I know eggplants are one of those vegetables that are fantastic fresh, but sometimes you get more than you can eat straight away. If you love eggplant and want to preserve some of your harvest, you’ll be pleased to know there are many delicious ways to do it.
Even better, you get to try any or all of these methods and decide which one is best for you. It’s a tough job, but someone has to do it, right?
Let’s look at your options for preserving wonderful eggplant so the harvest lasts as long as possible.
A lot of people think that eggplant isn’t suitable for freezing because it defrosts all soft and squishy. That’s simply not true if you do it right, and this is a convenient, fuss-free way to freeze it.
- Slice the eggplant into 1/4 inch slices.
- Bring a pot of water to the boil and blanch the slices for five minutes.
- Remove and plunge into ice water to cool instantly.
- Lay the slices in a single layer onto a cookie sheet and place in the freezer.
- After five to six hours, the slices should be firm. Remove them and place them in a sealable container.
HINT: Don’t skip drying and laying the slices in a single layer and freezing. If you put the slices directly into the sealable bag they’ll clump together in one horrible blob. If they’re too wet after removing from the water, simply pat dry with a paper towel.
These defrosted slices are perfect for eggplant parmigiana, breading and frying, or moussaka.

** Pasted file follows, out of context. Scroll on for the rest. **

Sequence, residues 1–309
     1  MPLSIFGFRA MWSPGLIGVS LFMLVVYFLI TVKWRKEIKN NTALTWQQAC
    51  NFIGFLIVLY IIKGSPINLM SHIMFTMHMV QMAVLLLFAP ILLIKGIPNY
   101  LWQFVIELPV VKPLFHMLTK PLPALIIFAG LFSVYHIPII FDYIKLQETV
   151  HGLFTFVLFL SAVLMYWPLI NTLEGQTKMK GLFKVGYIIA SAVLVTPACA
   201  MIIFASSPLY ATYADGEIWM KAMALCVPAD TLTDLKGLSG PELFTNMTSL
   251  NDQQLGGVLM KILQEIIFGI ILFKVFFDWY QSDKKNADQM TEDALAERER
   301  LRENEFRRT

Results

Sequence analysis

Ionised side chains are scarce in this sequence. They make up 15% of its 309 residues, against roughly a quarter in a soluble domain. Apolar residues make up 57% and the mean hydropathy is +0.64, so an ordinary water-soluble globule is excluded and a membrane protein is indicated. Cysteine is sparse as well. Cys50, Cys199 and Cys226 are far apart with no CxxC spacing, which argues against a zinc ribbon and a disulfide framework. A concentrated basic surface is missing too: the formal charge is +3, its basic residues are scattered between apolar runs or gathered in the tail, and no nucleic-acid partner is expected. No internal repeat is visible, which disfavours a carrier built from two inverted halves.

If you don’t like fuss and you just want to freeze your eggplant right after cutting, you can. It’s best to blanch the slices before freezing in my opinion, but if you don’t want to or are pushed for time, don’t worry about it.
Simply slice and freeze in a single layer on a cookie sheet before placing in a plastic bag or freezer-proof container. This is one of the quickest ways to preserve eggplant.
2. Roast and Puree
You will end up freezing this mixture, but the process is different than above because it’s suitable for different dishes than you’d use sliced and frozen pieces. It’s perfect for dips and sauces. Think cheese and crackers with eggplant dip. Yum!
- Cut eggplant in half lengthways and lay skin down in a roasting dish.
- Drizzle with olive oil and a pinch of salt. Add crushed garlic if you like.
- Roast at 400ºF for around 40 minutes or until the insides are soft.
- Allow to cool before scooping the flesh out and placing it in freezer-proof containers.
When it’s time to use it, simply defrost and add to any dishes that use pureed eggplant.
HINT: After you preserve your eggplant, store it in containers that are sized to the amount you will need for your meals. Once this defrosts it can’t be refrozen and it does deteriorate in consistency and appearance after a few days in the refrigerator if you don’t use it all.
3. Fridge Pickled Eggplant
Over the years, I’ve tried many different methods and recipes for pickling eggplant and this is by far the most convenient and has the fewest amount of ingredients. The flavor is amazing. This is a refrigerator pickle, so it needs to be kept cool and won’t last for years. Don’t worry though, it won’t last long once people start eating it.